|Female SWD on raspberry at the Upper Mountain Research Station, Summer 2010. Photo: HJB|
While these classes of insecticides are effective against SWD, they come with risks as well. The key risk, from a pest management stand point, is non target impacts on other pests and beneficial insects. While we we cannot anticipate all of the non target impacts, some are clearly likely.
The most likely non target effect of SWD treatments is the possibility to flare spider mites.
|Twospotted spider mite female and eggs. Photo: HJB|
Strawberry, grape, and caneberry growers should scout their plantings for spider mites prior to beginning SWD treatments. A good rule of thumb is to observe at least 10 leaves or leaflets per acre or per variety block, if they are smaller than an acre. Spider mites can be observed and counted with a 10x hand lens. If spider mites are present, planting should be treated with a miticide before beginning organophosphate or pyrethroid treatments. North Carolina blueberry growers more commonly use these insecticides are rarely, if ever, have issues with spider mites, and I do not anticipate a need to manage mites in blueberries.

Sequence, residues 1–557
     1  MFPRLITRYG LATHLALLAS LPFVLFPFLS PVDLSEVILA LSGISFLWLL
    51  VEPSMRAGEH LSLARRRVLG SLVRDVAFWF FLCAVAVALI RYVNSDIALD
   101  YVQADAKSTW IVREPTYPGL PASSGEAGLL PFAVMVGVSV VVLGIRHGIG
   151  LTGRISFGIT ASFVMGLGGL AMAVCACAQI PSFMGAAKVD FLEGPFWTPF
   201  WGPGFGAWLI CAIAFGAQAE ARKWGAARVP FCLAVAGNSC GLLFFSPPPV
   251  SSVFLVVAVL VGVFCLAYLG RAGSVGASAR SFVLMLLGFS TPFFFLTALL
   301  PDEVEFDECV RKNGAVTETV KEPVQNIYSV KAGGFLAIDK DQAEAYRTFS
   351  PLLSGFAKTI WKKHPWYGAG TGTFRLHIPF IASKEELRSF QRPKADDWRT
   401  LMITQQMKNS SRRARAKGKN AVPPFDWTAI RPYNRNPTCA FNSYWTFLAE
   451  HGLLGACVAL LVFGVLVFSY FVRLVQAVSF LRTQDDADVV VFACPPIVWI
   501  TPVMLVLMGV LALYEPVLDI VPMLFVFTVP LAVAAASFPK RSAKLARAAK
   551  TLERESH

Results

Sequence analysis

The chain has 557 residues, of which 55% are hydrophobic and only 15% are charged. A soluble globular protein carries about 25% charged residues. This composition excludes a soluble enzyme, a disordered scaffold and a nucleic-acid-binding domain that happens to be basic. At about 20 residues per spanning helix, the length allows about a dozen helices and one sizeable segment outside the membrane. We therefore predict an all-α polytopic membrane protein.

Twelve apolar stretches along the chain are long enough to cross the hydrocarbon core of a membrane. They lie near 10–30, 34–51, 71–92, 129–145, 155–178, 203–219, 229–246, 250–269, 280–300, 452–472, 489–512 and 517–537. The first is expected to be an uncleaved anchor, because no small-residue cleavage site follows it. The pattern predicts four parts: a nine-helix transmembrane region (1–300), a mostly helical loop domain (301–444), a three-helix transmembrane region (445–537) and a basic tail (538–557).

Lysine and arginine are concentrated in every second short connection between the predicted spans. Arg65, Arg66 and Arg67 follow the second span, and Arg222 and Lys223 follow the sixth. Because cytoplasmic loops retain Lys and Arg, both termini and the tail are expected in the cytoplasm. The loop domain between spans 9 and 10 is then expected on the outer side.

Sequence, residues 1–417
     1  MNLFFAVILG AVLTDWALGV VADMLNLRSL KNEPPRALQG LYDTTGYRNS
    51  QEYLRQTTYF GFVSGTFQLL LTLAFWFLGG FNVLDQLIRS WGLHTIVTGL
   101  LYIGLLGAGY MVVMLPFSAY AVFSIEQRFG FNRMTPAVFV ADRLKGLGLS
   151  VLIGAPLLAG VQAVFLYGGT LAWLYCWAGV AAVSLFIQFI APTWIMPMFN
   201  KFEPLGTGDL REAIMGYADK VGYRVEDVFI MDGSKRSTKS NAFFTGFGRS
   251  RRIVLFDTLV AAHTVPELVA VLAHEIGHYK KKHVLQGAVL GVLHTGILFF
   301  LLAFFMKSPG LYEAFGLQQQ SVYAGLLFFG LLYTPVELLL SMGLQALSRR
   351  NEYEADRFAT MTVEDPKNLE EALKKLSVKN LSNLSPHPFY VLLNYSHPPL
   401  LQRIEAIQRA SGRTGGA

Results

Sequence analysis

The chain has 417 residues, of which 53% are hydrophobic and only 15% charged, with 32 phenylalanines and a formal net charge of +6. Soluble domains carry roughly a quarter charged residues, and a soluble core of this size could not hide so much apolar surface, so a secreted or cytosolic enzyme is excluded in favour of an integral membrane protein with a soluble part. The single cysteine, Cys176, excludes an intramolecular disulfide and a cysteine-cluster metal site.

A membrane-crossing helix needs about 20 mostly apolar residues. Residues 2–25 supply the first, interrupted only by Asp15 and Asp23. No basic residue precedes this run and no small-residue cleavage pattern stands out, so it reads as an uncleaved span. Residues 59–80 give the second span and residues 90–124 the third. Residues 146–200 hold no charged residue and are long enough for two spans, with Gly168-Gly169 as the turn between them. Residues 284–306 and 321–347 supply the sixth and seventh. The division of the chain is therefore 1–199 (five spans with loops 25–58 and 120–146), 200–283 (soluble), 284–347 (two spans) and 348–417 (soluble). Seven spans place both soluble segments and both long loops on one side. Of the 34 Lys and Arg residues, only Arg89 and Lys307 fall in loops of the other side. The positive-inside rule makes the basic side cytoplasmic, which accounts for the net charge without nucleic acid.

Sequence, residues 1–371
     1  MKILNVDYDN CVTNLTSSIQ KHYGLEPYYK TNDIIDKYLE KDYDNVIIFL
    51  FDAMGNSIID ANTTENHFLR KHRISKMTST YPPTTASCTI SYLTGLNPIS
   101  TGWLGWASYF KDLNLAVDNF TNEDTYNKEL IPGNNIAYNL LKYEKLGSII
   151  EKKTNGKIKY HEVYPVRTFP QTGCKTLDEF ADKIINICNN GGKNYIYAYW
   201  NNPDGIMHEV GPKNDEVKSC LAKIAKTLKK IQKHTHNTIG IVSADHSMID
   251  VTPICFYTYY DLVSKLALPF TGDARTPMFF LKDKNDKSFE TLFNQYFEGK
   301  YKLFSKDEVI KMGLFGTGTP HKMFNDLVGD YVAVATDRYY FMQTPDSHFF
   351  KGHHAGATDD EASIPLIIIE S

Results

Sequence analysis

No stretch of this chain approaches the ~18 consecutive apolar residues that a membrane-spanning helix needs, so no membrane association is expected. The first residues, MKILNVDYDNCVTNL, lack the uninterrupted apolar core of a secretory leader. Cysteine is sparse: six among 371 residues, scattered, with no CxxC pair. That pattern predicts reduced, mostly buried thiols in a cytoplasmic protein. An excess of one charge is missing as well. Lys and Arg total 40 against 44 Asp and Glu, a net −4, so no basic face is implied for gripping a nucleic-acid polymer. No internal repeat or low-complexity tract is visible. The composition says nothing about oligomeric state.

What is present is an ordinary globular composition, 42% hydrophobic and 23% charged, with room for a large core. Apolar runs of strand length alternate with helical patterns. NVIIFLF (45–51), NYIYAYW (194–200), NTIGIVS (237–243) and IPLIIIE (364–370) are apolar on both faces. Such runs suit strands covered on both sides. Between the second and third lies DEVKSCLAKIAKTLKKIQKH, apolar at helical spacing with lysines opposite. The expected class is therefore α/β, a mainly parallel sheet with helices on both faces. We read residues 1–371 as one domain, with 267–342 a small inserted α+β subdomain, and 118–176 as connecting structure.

Spider mites may not be the only non target (unintentional) pest made worse by SWD treatments. Organophosphates and pyrethroids are broad spectrum materials, meaning they kill many different types of insects, including beneficial predators. The insects these predators may control could increase in their absence, but we cannot necessarily predict which insects these may be. Growers treating for SWD should be vigilant and scout their fields at least weekly to assess whether any new or unexpected insect or damage is present.